Recent Case Law: International Shipping & Trucking Management (E-1/21)
In a recent case relating to the coordination of social security systems within the European Economic Area (EEA) and the interpretation of Regulations No. 2004/883/EC and No. 2009/987/EC, the EFTA Court ruled that the mere presence of an undertaking's registered offices is not sufficient to establish that an employee pursues an activity as an employed person in two member states of the EEA.
An undertaking with a registered office in Liechtenstein had employed workers with residence in Germany, the Netherlands and the Czech Republic. The employees carried out their work usually in two or more EEA member states.
The Liechtenstein competent authority determined that Liechtenstein social security law was neither applicable to the company nor to its employees, based on the argument that the company did not carry out the core of its business operations at its registered office in Liechtenstein.
According to Art. 13 para. 1 lit. b No. I 2004/883/EC, individuals carrying out their work in two or more EEA member states are subject to the law of the state in which the employer's registered office resides. However, allowing employers to easily elect the applicable law by implementing artificial company law structures would contradict the purpose of the provisions and such an interpretation would set up a race to the bottom in terms of the level of protection provided by social security systems. Therefore, the court ruled that the mere existence of an undertaking's registered offices ("Briefkastenfirma" or "Strohfirma") is not sufficient to determine that an employee pursues an activity as an employed person in two member states of the EEA.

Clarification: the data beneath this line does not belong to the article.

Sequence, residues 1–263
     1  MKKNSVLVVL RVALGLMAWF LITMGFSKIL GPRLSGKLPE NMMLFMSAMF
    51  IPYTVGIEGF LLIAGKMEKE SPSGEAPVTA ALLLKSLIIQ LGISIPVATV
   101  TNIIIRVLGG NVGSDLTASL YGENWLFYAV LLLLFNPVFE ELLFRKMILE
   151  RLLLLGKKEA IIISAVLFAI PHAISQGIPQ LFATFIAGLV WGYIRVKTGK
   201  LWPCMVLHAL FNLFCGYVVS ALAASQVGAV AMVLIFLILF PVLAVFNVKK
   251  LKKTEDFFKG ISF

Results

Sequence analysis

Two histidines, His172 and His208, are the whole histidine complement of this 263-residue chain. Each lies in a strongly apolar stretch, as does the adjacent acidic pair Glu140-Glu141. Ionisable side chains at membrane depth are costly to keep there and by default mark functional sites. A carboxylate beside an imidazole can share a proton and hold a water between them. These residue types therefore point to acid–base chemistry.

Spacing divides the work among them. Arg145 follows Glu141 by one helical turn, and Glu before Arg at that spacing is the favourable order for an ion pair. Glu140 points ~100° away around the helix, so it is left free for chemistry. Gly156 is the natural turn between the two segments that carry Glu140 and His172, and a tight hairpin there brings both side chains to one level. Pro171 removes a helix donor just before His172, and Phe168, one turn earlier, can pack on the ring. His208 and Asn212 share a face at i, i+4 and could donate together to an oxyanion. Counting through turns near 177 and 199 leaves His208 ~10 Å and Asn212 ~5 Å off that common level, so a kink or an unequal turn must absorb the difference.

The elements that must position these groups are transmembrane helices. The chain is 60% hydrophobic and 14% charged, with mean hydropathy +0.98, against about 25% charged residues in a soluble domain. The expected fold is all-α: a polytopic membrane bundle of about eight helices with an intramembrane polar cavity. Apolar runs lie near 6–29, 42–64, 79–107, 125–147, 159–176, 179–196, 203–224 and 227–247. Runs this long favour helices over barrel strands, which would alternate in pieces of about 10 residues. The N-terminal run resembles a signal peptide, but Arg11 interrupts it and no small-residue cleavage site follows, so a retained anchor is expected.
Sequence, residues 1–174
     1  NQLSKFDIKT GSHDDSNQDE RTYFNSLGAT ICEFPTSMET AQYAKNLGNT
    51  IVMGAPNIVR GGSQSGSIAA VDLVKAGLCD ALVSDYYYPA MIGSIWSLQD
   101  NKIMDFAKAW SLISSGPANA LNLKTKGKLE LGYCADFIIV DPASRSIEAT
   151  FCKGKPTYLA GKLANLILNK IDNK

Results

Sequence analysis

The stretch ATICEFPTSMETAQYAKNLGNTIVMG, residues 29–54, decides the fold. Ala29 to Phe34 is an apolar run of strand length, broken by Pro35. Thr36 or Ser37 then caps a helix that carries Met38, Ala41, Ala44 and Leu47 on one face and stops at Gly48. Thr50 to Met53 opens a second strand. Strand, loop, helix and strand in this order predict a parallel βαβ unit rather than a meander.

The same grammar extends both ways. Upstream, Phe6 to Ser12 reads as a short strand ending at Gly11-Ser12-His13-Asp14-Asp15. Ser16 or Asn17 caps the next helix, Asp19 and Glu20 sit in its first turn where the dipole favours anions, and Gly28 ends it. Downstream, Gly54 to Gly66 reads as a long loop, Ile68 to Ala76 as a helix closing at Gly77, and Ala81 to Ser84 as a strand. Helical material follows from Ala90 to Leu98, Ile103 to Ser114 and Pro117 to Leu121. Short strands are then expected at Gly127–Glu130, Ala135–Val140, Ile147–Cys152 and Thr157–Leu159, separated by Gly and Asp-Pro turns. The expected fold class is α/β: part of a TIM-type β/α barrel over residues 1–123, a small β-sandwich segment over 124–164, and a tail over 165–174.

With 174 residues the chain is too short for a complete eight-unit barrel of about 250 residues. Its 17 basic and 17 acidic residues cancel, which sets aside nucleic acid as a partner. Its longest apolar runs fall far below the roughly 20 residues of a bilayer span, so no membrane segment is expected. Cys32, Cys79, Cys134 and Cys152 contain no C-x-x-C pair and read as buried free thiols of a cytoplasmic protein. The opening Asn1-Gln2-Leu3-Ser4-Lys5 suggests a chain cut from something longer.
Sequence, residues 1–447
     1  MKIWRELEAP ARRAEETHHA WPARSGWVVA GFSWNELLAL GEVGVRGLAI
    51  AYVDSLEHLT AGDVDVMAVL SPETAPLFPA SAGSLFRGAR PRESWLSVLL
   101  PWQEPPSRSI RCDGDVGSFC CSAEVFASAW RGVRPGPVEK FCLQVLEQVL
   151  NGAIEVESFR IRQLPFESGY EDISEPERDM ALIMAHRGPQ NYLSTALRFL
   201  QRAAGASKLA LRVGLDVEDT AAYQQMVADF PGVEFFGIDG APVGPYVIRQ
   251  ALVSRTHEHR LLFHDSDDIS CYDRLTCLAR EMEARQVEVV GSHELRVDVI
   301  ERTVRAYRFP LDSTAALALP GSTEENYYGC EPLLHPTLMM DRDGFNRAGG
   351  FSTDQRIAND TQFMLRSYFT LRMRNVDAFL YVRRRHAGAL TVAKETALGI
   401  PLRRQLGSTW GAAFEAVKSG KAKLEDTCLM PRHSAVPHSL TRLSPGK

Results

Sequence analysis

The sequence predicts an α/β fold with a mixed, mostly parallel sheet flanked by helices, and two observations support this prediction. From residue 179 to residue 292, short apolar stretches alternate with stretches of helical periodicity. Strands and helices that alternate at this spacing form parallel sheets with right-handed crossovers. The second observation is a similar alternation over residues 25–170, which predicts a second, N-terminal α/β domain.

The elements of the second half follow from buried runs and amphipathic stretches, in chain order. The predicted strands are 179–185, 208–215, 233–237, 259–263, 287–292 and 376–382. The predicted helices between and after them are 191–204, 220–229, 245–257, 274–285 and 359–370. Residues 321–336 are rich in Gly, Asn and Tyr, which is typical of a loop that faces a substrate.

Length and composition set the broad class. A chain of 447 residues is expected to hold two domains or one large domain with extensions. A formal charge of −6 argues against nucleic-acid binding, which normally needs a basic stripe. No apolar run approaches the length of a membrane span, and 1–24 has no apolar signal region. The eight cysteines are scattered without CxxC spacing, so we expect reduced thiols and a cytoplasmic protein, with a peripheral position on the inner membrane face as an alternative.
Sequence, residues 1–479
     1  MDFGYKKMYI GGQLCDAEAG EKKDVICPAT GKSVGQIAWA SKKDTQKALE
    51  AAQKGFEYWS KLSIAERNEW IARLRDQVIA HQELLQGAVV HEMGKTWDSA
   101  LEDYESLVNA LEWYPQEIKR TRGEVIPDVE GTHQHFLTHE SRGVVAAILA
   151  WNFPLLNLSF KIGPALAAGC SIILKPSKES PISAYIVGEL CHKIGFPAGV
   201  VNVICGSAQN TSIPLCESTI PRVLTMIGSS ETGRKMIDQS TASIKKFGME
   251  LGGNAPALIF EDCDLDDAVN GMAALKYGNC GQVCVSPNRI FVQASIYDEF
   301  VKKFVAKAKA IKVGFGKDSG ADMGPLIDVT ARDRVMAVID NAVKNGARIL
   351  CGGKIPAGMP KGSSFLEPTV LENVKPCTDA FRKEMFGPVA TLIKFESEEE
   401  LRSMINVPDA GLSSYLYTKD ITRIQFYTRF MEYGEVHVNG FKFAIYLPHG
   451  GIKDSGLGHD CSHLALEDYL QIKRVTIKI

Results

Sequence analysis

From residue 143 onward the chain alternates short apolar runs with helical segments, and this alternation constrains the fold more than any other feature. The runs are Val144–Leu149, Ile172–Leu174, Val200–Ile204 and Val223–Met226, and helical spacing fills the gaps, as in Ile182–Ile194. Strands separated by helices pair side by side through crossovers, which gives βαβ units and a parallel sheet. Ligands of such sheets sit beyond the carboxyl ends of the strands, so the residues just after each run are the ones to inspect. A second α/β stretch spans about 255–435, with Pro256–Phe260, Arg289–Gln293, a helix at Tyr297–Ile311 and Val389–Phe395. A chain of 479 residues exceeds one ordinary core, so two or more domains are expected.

To determine the jurisdiction where core business operations are carried out and the essential decisions of an undertaking are made, a series of factors must be taken into account, such as the locations of the registered office, the central administration, director meetings, general meetings and the determination of general policies, as well as the residence of the main directors, administrative/accounting document keeping and execution of financial/banking transfers etc. (cf. CJEU, C‑73/06, EU:C:2007:397 para. 60). Further, the court ruled that, in the context of a provisional determination of competence according to Art. 16 para. 3 2009/987/EC, the competent authorities must inform each other directly. Art. 16 para. 3 2009/987/EC provides a resolution procedure for uncertainties regarding jurisdiction, the application of which, in the court's opinion, is not limited to a specific point in time. Therefore, the procedure may lead to a retroactive reversal of a preliminary determination.
To address a different perspective, it is also important to note that cross-border commuters who reside in neighboring countries but work in Liechtenstein are, in principle, subject to Liechtenstein social security provisions. If, however, more than 25% of the work is performed in the country of residence, this country becomes competent from a social security perspective. This rule has been suspended by mutual agreement between the relevant competent authorities until 30th June 2022. Employers should monitor developments and possibly adjust their "home office" policies for the second half of 2022.
For further information, please contact Sebastian Pribas.